We didn’t have to wait long for the CT scan appointment to arrive. Thank God. As we waited, I lived in a private, tortured state. To the outside humming world, I appeared fine. Inside, I was falling apart. On an nightly basis I would frantically and neurotically research online, consuming anything and anything about Craniosynostosis.
One night, as I laid on the couch late at night, everyone else in bed, I was doing my usual search on my phone for stories, medical cases, definitions and outcomes when my worst fears were written on the screen in front of me. A potential complication of the surgery: death. Now let me say this is not a normal outcome, and the risk this surgery presents is similar to many other surgeries where this is a potential outcome.
But those words, actually seeing them written (from a reputable source I might add), so clinical and resolute, shut me down. I turned off my phone a midst my tears, made myself go to bed.
I did very little research after that point.
The morning of the CT scan, such a standard and simple procedure, I was a wreck. My stomach was so upset that I wasn’t sure how we would leave the house. George and I gathered up Taryn and headed for the medical clinic. I was a complete bundle of nerves. Couldn’t eat, couldn’t think. And again, this was just a simple sedation. I wondered throughout the day how I would handle an actual surgery if it came to fruition (and in my heart, I knew it would).
The staff was wonderful. The entire time we prepped her for sedation I was on the verge of tears. I couldn’t help but cherish, and yet loathe how innocent she looked in her hospital gown. George was my rock. He would know when he needed to step in, because I was so raw. And in turn, like any good partnership, I tried to do the same for him. Though it certainly was him who was the rock. When they started her IV, somehow, I didn’t cry. Again, I found myself looking to the sky, pinching my fingers and swallowing hard to keep my tears in. Finally it was time to take her back to the actual procedure room. The staff was kind enough to let us go with her while they sedated her. They warned us over and over that she might react uniquely when sedated. Some kids get cranky. Some go peaceful. But really, how your child will act is unknown to everyone, and not predictable at all. The medicine they would use was called Propofol. “Wasn’t that what Michael Jackson died from?” I wondered inside my head. Silly I know, but my mind was swimming uncontrollably. I felt so out of control.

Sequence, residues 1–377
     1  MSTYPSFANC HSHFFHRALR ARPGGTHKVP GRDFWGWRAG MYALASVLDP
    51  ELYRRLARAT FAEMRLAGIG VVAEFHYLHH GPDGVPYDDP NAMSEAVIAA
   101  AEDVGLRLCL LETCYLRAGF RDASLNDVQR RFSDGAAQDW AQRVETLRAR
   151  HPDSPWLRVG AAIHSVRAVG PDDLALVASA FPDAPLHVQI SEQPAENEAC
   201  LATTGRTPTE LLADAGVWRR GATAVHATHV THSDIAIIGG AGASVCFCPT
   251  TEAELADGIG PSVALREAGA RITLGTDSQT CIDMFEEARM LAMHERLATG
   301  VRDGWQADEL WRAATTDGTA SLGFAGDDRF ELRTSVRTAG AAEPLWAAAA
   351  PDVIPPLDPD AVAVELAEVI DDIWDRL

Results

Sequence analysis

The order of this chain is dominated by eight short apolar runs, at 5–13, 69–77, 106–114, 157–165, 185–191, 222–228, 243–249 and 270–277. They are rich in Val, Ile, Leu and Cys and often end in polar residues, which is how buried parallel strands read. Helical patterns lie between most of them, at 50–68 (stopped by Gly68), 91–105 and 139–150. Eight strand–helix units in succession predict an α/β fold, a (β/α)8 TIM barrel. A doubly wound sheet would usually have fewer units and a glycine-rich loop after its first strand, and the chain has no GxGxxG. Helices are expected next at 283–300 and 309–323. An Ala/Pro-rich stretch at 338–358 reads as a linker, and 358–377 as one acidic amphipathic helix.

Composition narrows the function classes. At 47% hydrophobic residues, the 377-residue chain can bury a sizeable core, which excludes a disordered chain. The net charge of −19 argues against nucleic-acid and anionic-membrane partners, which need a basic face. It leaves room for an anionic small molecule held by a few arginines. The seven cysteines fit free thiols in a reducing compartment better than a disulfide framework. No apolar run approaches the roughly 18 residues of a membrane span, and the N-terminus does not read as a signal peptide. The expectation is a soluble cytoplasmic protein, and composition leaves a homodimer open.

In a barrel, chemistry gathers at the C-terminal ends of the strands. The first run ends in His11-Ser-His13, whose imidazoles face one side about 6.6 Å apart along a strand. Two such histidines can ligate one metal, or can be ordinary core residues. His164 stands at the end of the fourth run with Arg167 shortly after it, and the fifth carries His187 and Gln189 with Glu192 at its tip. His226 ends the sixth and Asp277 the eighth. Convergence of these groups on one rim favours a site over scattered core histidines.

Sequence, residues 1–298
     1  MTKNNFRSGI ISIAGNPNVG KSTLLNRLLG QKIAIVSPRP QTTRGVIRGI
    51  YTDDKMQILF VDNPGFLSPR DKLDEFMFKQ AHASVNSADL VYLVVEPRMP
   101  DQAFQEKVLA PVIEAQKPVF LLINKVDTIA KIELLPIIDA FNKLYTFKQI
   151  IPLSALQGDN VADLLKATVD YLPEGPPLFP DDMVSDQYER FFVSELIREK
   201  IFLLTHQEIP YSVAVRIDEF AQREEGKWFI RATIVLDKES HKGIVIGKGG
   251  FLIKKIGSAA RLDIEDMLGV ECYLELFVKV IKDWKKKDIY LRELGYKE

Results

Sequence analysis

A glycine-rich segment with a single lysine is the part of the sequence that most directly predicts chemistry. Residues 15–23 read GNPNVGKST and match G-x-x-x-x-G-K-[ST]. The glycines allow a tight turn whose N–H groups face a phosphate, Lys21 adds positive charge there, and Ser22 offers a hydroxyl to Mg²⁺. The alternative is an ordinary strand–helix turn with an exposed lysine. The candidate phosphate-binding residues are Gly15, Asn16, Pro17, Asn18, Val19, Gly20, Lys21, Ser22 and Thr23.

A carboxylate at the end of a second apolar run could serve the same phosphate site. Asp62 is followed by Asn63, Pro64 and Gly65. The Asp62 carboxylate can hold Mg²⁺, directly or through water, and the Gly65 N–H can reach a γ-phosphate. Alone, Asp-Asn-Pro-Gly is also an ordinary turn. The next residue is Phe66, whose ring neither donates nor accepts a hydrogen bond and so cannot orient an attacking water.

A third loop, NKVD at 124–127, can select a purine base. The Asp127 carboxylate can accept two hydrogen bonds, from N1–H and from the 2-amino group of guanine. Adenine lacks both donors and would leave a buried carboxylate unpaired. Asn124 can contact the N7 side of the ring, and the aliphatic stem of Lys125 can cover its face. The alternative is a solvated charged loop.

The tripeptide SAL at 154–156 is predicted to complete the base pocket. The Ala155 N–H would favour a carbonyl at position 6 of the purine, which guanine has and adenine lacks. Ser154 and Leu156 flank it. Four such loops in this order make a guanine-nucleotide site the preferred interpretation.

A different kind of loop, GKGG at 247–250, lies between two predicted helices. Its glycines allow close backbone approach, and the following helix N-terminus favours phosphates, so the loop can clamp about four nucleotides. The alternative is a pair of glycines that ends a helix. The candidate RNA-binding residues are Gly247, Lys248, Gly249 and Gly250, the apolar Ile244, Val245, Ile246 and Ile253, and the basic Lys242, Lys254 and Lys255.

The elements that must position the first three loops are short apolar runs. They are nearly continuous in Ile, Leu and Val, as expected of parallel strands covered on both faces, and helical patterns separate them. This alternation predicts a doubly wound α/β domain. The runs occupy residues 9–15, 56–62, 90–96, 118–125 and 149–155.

I tried to prepare myself as we walked down the long corridor to the procedure room. Once we crossed the threshold into the CT area, we met the staff and placed Taryn on the table. Again, they described how she might react strangely as the sedation was administered. That final bit of warning was all I needed to give George the reigns. I knew he had to be the one to hold her. I didn’t think I could trust myself even at that point. We both gave her kisses and they began to inject the medicine into her IV. Scared isn’t even a strong enough word.
She began to fall back slowly as the medicine filled her tiny veins. And yet, she fought the sedation. My stubborn baby girl would not go to sleep. The dial on the atmosphere in the room turned up momentarily, as they rushed to give her another dose of medicine. There’s no way to describe the way she looked as she fell asleep. George kissed her. I kissed her. She grasped for our face. She looked like she was… leaving. Not going to sleep, but physically leaving her body. They rushed us out of the room as tears were flowing freely and like that the door closed behind us. The chaos was gone, and George and I were left standing in the empty hallway to head back to the waiting room, alone and in silence. We held each other up as we walked back to what felt like our holding cell. And we waited. It felt like an eternity. How could I deal with surgery? How? I could barely deal with this.
The procedure truly was quick. And though it felt like forever to us, within only 15 minutes or so Taryn was wheeled back to where we could see her. Like a champ, she came out of anesthesia wonderfully. She was happy and smiley and capturing the hearts of the nursing staff as soon as she woke up. The roller coaster of a day was finally over. We took Taryn home and snuggled her up. And then, we found ourselves waiting again… This time for real results. The hard, cold truth. And yet, this time, I didn’t google. I didn’t push for answers. I didn’t rush the doctor. For some reason, at this point, I was content being where I was.
I was pretending like nothing was wrong. 2 weeks after the appointment, we were scheduled to head back for our results. George was coming with me this time. There was no way we would separate for another appointment like this again.